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Our monthly research roundup – the bear bites back?

Kate Marshall, Senior Investment Analyst, looks at what our investment team got up to in October.

Important notes

This article isn’t personal advice. If you’re not sure whether an investment is right for you please seek advice. If you choose to invest the value of your investment will rise and fall, so you could get back less than you put in.

Global stock markets took a tumble last month and got investors’ hearts racing.

It’s not the first time October has seen some big setbacks. The Great Crash of 1929 and Black Monday in 1987 are two of the most well-known examples. Markets haven’t fallen anywhere as far in 2018, but it’s still caused some tension.

Some market commentators think the falls are just a market correction (widely seen as a loss of at least 10%), rather than a bear market (losses of more than 20%). Further falls aren’t out of the question though, seeing as markets have performed so well for much of the past decade.

Why now?

The slump could be pinned down to several reasons.

Worries about a US-China trade war is probably the most obvious. Slowing growth in China and Brexit uncertainty hasn’t helped either.

And these issues are coming together just as quantitative easing (QE), which helped push up share and bond prices, is ending. The US has already ended its own programme. Quantitative tightening, where money is withdrawn from the financial system, is now on the scene. The European Central Bank has also taken its foot off the accelerator by reducing the amount of QE it does each month.

The era of ultra-low interest rates is also coming to an end. If savers can get a better deal on their cash savings they might start to take some of their money out of the market, where savings aren’t guaranteed.

But rising interest rates makes it more expensive for people to pay off their debts, like mortgages. So we think rate rises will be gradual over the coming years. If they rise too quickly it could put the brakes on any economic recovery.

Markets aren’t one and the same

There’s been some big differences in the way markets have performed though. Last month China’s stock market fell 11.4%, but Brazil’s was up 9.5% (in terms of their local currencies).

China’s been hurt by some of the reasons outlined above, while Brazil got a boost after the election of far-right leader Jair Bolsonaro as President. Investors are positive about some of his plans for economic reform and a tough stance on corruption.

What does this mean for investors?

At the end of the day stock markets are meant to fluctuate. Lots of investors overreact to volatility. If you’re one of the few that can hold their nerve, the better off you’re likely to be.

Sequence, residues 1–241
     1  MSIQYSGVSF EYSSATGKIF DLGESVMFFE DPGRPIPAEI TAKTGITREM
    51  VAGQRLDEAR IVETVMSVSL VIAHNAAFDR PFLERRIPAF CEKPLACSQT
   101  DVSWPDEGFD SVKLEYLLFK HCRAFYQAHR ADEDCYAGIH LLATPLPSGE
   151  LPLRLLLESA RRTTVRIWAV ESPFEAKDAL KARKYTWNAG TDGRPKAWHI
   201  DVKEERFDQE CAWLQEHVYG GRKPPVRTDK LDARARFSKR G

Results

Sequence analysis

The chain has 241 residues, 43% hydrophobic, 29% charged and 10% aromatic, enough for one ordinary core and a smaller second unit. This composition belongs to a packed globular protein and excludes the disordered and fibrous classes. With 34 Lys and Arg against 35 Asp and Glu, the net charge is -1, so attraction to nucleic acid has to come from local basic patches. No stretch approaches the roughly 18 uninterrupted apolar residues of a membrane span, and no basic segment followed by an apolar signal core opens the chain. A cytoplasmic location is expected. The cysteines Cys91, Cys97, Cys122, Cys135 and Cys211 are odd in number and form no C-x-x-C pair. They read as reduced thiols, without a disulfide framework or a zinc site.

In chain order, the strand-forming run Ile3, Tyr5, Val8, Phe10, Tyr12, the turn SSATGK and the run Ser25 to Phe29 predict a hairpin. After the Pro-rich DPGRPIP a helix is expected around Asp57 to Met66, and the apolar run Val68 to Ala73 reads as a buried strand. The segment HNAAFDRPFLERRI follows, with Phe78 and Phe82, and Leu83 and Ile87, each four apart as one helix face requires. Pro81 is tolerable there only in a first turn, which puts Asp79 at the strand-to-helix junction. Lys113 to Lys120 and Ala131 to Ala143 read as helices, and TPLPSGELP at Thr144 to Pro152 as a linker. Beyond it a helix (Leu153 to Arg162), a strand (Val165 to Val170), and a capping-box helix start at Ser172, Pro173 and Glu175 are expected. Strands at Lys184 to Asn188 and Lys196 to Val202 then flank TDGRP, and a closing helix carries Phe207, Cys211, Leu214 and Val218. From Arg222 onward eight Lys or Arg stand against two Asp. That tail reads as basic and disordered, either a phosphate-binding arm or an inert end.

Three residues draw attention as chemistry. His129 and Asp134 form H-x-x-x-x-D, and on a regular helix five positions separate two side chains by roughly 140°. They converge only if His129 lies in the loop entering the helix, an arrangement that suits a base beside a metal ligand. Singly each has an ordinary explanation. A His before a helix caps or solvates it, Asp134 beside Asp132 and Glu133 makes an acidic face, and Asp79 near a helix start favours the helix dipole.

This is because stock markets can bounce back from setbacks. The most successful companies will continue to make profits and reward their shareholders through dividends. And that’s what investment is all about – sharing in the long-term success of companies.

There’s no right way to invest. But there’s a few simple things we think investors need to remember.

Diversify your portfolio by having a good spread of investments. This can help smooth out returns over the long run. And don’t forget to rebalance – this means taking profits from stronger-performing investments and adding to ones that haven’t done as well, as long as you still have long-term conviction. It’s also wise to keep some cash on hand to take advantage of lower prices when stock markets are weak.

Our analysis suggests the Chinese stock market is now one of the most attractively valued. Essentially this means shares can be bought at a lower price than any potential future earnings growth of the underlying company suggests.

It could be time to dip a toe in the water, if you can take a long-term outlook. A broader Asian or emerging markets fund could be an option to help maintain diversification. JPMorgan Emerging Markets, for example, invests almost 40% in China at the moment. It also invests in other markets like India, Brazil and Mexico.

Or the First State Asia Focus fund focuses specifically on Asia Pacific markets. Around 28% is currently invested in China and Hong Kong, and it has tended to hold up a little better than other Asian funds when markets were weaker. Past performance isn’t a guide to future returns though and we could still see more volatility, especially as emerging markets are higher-risk than developed ones.

Looking more broadly across the globe, some of the higher-growth areas of the market, like technology, haven’t done so well recently. Some of the previously unloved areas have done better. It’s a reminder that different investment styles will do well at different times. A fund such as Jupiter Global Value Equity does something a bit different – the managers look for companies that have been out of favour and can be bought at a low share price, but have the potential to bounce back.

It can also pay to have some exposure to more conservative funds that aim to provide some shelter when markets fall, but also offer some potential for long-term growth. One of our favourites is Pyrford Global Total Return. It mainly invests in government bonds, the shares of larger companies, and cash, and could be a useful addition for when markets hit tougher times.

This article isn’t personal advice. All investments can fall in value as well as rise so you could get back less than you invest. If you’re not sure if an investment is right for you, please seek advice.   

Important notes

This article isn’t personal advice. If you’re not sure whether an investment is right for you please seek advice. If you choose to invest the value of your investment will rise and fall, so you could get back less than you put in.

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